Local wine shop East Beach Wine held a tasting of The Paring and Jonata, a Santa Ynez producer owned by the same people behind ultra cult wine Screaming Eagle. I was definitely a bit skeptical given the prices--up to $125 per bottle--and the Parker hype--90 to 96 points depending on the cuvee. But the second label, The Paring, is more sensibly priced for a new producer in the $20 to $25 range. Moreover, their Pinot Noir and Chardonnay are sourced from such vineyards as Sanford & Benedict, Bien Nacido and Solomon Hills, while their estate vineyard sits in Ballard Canyon. Ballard Canyon is not all that well known at this point, but there are some serious producers like Stolpman and Rusack sharing the canyon and there's good reason to think this location has the right soils and micro-climate to produce high quality Bordeaux varietals.
As for the tasting, I'm not 100% sold, but there are a few caveats I'll mention below.
The Paring 2007 White Wine - $20. Mostly Sauvignon Blanc with about 20% Semillon. Honeysuckle, orange blossom, toast, citrus and herbaceous aromas. Acidic, but full bodied. Hot finish that's not very pleasant.
The Paring 2008 Chardonnay "The Hilt" - $24. Cream, toasted nuts, citrus. Crisp and acidic, full body, fresh. Good finish. 1/3 new oak used.
The Paring 2008 Pinot Noir - $25. Smoke dominates nose. Earth and chocolate on palate. Good weight in mouth, medium-low acid.
The Paring 2006 Red Wine - $24. Intense borderline jammy cherry-berry aromas typical of region with mild herbs. Full body, dry finish with earthy/herby flavors. 52% Cab S, 42% Merlot, 6% Petite Verdot.
Jonata 2007 La Poesia Pinot Noir - $85. Bottle just opened. Very tight, no nose other than hint of caramel. Good weight and flavor, medium acidity. Fine, but not showing much.
Jonata 2006 La Alma Cabernet Franc - $125. Tight, bottle just opened. More accessible than previous wine. Shows almost jammy cherry and berry with great jalapeno accent. Fine tannins show on mid-palate. Dark chocolate and herbs on long finish. Structured and needs time or air.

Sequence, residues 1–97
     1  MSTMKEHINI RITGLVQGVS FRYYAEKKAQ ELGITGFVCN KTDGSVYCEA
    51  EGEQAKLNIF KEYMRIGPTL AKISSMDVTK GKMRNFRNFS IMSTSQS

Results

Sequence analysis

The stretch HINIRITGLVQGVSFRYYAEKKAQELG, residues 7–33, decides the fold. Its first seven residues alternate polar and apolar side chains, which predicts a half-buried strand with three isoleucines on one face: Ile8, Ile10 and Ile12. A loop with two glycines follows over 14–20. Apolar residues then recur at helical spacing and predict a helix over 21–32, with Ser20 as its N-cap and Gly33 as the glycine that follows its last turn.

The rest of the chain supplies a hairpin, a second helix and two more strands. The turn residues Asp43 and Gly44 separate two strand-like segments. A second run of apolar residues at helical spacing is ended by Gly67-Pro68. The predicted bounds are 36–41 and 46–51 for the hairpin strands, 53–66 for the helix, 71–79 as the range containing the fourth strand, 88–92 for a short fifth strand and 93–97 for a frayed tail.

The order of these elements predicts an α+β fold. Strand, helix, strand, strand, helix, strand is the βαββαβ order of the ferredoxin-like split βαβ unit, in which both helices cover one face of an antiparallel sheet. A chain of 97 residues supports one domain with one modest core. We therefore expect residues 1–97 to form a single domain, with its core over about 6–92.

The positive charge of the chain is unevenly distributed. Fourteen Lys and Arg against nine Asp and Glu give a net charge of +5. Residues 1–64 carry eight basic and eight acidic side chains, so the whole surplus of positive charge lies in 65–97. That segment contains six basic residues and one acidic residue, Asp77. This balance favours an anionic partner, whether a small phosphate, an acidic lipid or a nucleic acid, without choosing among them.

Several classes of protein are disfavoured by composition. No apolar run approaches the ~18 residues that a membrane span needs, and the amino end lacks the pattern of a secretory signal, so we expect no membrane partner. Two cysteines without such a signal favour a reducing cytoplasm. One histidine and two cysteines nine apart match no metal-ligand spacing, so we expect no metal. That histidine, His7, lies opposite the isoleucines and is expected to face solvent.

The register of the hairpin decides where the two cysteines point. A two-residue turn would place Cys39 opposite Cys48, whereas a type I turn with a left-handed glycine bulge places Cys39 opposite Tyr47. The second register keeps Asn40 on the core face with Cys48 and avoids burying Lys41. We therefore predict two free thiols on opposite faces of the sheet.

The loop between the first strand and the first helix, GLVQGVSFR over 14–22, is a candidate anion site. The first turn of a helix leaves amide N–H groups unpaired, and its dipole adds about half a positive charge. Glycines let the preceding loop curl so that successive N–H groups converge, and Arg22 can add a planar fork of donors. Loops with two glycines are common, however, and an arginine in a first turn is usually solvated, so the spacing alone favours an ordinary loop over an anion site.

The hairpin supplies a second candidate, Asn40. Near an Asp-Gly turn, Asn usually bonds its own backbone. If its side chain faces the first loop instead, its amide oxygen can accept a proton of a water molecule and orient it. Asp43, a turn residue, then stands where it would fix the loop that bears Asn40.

I was a bit disappointed to catch the last two wines on freshly opened bottles. Robert Parker rated the Cab Franc a 95 and called it the best Cab Franc in California. Is it the Screaming Eagle of Cabernet Franc? Perhaps. It wasn't showing great today, but the ripeness and structure seem spot on as it's a bit green and a bit jammy yet neither herbaceous or flabby. I'd probably buy 3 or 4 bottles of Longoria Blues Cuvee or Evidence, which are also Cab Franc based with similar flavor and structural profiles, for about the same cost. On the flip side, The Paring Red Wine was a solid value that competes on both price and quality with its peers in Santa Barbara.
An interesting side note is that the 'heavy hitters' in the tasting lineup weren't as expressive as the less expensive wines. While part of this is the structure of the wines (Jonata is built to last, The Paring is built to drink now), I can't help but think much of this has to do with the wines be treated on equal footing. All were popped and poured. There was no special glassware, decanting or ceremony for the more expensive wines. If you take away the ceremony (and, even better, the labels), the perceived differences between wines in different price ranges tends to vanish. That said, I'd still like to see what the Jonata wines would do with a proper decanting as that's how I'd drink any wine costing more than $15!
Winemaker Matt Dees made sure to point out The Paring wines are designed as food wines, while the Jonata wines are "California style," which I take to mean big, ripe and structured. Dees seems like the quintessential nerdy sort of winemaker. I mean this in a good way. He's not full of hot air, and seems like he's more of a technical sort of winemaker. There may be plenty of bluster behind the brand, but it looks like there's the right sort of guy handling the nuts and bolts of it.
Bottom line, I didn't really care for the whites on both stylistic and quality grounds. The reds were good top to bottom, though the Paring Pinot seemed pretty monolithic in its toasty, smokey aromas and flavors. The Cab Franc in particular has plenty of substance and is both true to its region and varietal, though the structure was too imposing to say much more than it's well-made with plenty of potential.